The road beckoned and I was eager to try out the new foldie to see how it would do on a long ride on Sunday. The Bishan-Kallang Park Connector Network (PCN) is a long stretch from Bishan and you can technically ride till Ford Road and hit the East Coast Park but there are the obstacles in the form of bridges; the road crossings are easy compared to having to carry your bike up an overhead bridge. Having said that some of the bridges have a narrow corridor for pushing you bikes beside the steps.
In a nutshell, after cycling to Kallang Riverside park and back; I had a most peaceful experience and importantly safe one, free from danger posed by traffic.
Starting from Bishan Park
The overhead bridge over Braddell Road. Note the narrow “corridors” or slopes on either side of the steps that make it easier to push bikes up. But even then, its going to be tough for smaller kids to push their bikes or wheelchairs to cross the road. See this post on “Biking experiences” for some comments on the bike unfriendly bridges on this park connector – the blog is so interesting as he lugs his entire family with 3 small children on PCN rides! His kids must be strong and healthy!
The view that greets the eye is most pleasant and this part of the connector gives you a nice ride till St Andrew’s Village
Those are the Potong Pasir HUDC flats. The river here has a most peaceful look about it.
This is the crossing for Potong Pasir Ave 1 – relatively quiet. Usually people cross look like they’ve gone to the market on weekends. The ride from this crossing will bring you along side the St Andrew’s village and the crossing there will be a little tough as the bridge is bike unfriendly. (I am not sure about the road crossing although that seems like a distance away).
Here are the instructions to cross the Jalan Toa Payoh and PIE.
Here is the map of the crossing from the NParks website.
The bridge is bike unfriendly but for someone keen to burn calories; it makes for a good workout.
Calories are always lurking around the corner and there is an instant reward for that crossing – a PRATA SHOP there at Moonstone Lane-Opal Crescent junction. Excellent excuse to have a prata and kopi break.
Another crossing to make but this time is a low bridge across the river
This is a place to stop and take in the river flow. Whie this PCN ride has lots of crossings, there are some over the rivers that make it quite a scenic ride.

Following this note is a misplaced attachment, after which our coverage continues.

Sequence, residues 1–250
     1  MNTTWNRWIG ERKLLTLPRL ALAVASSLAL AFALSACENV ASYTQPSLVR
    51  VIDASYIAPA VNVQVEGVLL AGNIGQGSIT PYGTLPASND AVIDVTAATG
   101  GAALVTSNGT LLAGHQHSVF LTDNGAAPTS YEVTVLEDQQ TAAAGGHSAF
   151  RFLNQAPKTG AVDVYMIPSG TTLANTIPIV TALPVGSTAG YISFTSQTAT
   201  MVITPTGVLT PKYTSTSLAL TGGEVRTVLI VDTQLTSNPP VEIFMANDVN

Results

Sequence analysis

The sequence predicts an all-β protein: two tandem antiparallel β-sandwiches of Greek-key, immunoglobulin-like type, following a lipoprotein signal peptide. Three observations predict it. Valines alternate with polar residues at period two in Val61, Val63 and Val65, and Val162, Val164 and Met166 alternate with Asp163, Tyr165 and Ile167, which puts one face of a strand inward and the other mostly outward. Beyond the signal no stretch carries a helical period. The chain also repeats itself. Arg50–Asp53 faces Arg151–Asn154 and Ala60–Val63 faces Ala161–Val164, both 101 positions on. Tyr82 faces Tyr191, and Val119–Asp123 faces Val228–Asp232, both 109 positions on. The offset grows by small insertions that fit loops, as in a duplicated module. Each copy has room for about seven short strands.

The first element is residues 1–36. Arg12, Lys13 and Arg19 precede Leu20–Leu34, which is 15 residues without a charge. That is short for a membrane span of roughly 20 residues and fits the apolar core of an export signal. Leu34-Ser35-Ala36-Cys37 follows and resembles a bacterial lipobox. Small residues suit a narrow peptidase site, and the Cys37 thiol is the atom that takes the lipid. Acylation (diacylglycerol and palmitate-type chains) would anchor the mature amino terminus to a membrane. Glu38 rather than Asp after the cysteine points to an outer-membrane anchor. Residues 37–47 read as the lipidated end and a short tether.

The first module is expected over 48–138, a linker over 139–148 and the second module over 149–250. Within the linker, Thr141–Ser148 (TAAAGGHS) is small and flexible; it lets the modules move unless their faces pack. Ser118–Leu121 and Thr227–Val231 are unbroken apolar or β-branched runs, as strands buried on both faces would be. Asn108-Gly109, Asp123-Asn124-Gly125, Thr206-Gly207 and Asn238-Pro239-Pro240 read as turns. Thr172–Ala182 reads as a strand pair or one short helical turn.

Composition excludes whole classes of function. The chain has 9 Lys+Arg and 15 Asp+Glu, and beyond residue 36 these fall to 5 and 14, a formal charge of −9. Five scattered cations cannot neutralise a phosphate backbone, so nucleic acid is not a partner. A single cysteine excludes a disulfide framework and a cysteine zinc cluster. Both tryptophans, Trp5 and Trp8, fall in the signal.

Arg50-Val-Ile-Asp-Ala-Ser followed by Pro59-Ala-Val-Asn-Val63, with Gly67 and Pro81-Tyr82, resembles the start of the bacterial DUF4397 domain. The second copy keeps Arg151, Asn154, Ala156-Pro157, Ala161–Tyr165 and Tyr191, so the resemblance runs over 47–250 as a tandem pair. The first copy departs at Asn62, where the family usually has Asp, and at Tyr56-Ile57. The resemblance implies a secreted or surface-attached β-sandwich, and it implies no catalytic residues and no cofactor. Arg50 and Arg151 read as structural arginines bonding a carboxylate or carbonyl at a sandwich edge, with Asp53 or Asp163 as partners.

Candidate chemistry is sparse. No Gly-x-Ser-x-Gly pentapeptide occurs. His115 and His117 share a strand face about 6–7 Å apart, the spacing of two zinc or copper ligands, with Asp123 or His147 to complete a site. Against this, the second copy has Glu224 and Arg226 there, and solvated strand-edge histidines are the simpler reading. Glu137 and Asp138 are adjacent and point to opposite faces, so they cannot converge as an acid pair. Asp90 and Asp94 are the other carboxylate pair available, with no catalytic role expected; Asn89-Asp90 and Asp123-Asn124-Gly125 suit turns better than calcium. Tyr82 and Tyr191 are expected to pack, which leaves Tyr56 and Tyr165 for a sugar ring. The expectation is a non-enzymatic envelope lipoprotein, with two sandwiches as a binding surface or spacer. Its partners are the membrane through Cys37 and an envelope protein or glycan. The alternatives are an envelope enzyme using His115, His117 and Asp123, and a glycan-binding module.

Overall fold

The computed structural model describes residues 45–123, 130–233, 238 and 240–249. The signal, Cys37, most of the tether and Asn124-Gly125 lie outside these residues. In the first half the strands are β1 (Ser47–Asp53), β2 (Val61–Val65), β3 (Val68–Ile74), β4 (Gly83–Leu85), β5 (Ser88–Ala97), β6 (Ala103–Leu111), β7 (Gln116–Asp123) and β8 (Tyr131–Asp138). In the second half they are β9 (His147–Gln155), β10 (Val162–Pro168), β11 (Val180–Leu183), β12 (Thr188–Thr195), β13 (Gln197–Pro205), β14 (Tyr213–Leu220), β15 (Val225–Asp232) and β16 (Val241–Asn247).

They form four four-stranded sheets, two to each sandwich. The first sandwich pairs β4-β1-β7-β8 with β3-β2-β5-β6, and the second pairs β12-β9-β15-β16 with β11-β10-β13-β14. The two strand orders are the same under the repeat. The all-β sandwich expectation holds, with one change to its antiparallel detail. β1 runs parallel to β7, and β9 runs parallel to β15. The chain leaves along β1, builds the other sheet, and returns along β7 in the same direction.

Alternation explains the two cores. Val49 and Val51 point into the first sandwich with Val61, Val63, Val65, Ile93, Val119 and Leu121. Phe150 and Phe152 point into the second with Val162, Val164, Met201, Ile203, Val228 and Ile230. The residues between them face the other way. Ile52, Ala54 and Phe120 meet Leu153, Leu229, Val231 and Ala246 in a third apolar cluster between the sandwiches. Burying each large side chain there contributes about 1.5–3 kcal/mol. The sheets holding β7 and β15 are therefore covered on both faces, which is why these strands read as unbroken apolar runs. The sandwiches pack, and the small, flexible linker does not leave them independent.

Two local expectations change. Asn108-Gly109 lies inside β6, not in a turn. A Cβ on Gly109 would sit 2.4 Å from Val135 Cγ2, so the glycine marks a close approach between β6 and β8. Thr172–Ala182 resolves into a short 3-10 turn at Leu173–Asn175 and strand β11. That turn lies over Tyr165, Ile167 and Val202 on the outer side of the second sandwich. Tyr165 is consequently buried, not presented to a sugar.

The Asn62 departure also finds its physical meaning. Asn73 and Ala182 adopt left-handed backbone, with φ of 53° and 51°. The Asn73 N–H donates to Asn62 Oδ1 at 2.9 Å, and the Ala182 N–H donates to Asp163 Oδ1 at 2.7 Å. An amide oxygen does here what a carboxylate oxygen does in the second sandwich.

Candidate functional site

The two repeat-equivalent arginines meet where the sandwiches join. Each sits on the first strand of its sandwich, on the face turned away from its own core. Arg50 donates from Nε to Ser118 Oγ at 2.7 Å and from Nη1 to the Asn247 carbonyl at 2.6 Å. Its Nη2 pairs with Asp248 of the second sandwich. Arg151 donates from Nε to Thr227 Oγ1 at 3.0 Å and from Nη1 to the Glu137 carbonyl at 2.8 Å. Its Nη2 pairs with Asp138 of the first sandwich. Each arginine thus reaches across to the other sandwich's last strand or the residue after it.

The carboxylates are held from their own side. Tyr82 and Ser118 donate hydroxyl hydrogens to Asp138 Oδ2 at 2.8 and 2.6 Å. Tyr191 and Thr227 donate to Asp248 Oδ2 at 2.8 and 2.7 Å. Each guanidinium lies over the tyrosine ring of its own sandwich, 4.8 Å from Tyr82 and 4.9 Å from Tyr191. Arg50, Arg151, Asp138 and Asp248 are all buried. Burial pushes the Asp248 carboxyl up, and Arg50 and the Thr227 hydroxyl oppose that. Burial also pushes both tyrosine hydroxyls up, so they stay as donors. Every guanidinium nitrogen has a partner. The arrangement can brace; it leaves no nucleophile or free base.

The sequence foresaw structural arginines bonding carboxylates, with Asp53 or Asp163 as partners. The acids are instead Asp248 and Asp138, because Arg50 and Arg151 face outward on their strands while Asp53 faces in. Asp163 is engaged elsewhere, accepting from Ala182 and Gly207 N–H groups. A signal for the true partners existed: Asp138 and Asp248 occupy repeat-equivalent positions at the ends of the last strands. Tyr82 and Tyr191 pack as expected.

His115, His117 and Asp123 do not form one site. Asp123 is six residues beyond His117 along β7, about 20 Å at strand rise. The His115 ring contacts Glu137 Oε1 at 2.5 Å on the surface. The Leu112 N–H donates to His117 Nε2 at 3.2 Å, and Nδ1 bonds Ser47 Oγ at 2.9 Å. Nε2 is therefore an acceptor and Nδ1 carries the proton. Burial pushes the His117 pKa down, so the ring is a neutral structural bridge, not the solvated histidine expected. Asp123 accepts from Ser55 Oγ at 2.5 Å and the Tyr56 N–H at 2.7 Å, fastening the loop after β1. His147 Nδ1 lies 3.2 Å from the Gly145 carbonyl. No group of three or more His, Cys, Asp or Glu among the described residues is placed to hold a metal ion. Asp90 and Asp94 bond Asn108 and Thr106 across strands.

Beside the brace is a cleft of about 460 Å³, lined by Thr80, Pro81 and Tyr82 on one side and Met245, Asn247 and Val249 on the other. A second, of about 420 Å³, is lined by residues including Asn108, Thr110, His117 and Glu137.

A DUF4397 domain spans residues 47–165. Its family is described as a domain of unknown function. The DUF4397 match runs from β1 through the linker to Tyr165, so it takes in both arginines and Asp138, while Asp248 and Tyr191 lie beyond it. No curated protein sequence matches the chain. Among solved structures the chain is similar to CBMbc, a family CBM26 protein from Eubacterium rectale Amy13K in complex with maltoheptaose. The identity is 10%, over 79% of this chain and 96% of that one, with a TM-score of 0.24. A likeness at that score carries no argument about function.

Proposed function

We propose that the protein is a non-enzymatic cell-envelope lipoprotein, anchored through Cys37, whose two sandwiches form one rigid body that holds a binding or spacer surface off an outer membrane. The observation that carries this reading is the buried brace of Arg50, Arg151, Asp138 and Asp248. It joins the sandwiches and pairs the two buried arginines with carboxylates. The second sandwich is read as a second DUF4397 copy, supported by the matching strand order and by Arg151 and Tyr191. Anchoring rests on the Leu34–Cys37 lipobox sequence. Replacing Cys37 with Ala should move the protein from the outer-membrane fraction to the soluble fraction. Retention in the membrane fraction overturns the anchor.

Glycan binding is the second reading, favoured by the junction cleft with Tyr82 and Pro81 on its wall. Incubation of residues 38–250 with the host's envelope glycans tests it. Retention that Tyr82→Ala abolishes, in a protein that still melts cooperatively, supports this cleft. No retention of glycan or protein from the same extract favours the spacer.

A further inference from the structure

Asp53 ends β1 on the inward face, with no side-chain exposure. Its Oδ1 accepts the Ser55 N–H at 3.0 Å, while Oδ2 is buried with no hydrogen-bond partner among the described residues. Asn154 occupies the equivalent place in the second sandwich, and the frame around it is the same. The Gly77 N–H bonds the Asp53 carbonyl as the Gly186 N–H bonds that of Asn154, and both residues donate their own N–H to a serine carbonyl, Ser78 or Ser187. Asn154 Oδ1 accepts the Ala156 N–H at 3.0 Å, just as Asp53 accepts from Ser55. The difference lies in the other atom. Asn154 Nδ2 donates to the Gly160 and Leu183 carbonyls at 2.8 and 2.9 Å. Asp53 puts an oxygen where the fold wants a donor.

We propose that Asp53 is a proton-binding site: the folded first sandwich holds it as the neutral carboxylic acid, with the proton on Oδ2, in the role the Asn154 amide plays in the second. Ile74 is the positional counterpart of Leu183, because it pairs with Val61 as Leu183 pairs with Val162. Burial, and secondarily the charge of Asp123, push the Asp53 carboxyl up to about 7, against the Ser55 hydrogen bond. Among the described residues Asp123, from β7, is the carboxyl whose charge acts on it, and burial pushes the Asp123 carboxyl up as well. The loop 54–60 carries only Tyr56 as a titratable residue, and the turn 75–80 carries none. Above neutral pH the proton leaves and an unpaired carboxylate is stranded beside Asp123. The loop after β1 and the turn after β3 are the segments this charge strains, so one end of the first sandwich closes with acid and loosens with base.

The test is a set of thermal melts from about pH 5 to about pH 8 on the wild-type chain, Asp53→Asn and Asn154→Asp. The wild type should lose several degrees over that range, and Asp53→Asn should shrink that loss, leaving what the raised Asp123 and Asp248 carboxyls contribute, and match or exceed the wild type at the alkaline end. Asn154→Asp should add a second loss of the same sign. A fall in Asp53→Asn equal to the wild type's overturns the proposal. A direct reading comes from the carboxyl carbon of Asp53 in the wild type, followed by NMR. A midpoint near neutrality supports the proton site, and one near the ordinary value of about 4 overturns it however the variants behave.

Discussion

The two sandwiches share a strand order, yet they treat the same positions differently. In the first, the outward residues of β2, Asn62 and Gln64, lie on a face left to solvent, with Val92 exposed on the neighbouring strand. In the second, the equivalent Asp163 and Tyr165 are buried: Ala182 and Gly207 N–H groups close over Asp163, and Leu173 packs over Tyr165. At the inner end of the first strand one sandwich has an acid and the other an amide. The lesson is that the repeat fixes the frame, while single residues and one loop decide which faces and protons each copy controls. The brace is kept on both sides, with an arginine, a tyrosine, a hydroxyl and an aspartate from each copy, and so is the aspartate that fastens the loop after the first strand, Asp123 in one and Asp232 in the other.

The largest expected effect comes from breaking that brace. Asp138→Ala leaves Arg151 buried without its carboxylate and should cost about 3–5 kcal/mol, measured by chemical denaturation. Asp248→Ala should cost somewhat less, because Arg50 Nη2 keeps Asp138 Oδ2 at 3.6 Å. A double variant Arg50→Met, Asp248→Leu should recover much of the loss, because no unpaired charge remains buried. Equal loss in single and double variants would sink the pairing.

Is this a longkang (drain) or a bike groove? I used it to guide my bike up and down the bridge.
This sign is quite the 60s and I can hear P. Ramlee in the air if I close my eyes. By this building there is one road crossing to make and then an overhead bridge before passing Kolam Ayer.
This bridge has only one slope beside the steps for pushing your bike up.
At the end of the Kolam Ayer stretch is a road crossing and then a very unlikely narrow passageway to continue the PCN.
This is Boon Keng Road.
Kallang MRT. Somehow this landmark is where I always turn back. Its like reaching the top of Bukit Timah Hill. This time however I continue.
To cross Kallang Road, you have to ride down to the traffic light at the junction of Kallang Road and Lorong 1 Geylang. This is where you will get to the Kallang Riverside Park but the park is split into two by the Sungei Kallang. I moved southwards using the eastern park and then explored then rode back the western park. I found the latter to be nicer. Its a bit quiet there so no really advisable to ride when its dark.
The eastern River Side park is a bit of a bummer as it ends abruptly thanks to a few restricted areas. But there is the Nicoll Highway to use to cross over the the other side. I used that to turn around. Would have loved to explore how to reach the East Coast Park but it was time to turn back.
Licuala peltata – a very huge licuala.
Fig trees seem to be immune to development in Singapore
What’s left in a clearing are fig trees.
The Tern Link P9 – such a smooth ride.
Prata for the hungry people back home who probably were still sleeping at 11 am.
Some useful websites for the Bishan-Kallang Connector